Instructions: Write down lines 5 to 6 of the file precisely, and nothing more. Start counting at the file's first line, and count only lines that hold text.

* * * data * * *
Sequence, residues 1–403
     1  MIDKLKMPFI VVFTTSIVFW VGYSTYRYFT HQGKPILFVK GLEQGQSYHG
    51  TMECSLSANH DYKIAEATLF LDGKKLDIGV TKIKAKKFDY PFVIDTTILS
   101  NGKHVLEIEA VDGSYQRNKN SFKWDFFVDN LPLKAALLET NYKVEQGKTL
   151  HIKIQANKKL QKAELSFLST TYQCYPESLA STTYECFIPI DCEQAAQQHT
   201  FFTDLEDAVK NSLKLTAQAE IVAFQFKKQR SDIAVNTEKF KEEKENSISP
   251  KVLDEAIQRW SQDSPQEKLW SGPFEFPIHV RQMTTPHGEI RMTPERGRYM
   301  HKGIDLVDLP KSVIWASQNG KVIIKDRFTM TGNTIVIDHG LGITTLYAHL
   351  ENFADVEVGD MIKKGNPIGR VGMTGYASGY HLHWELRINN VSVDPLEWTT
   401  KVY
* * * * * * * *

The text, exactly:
   151  HIKIQANKKL QKAELSFLST TYQCYPESLA STTYECFIPI DCEQAAQQHT
   201  FFTDLEDAVK NSLKLTAQAE IVAFQFKKQR SDIAVNTEKF KEEKENSISP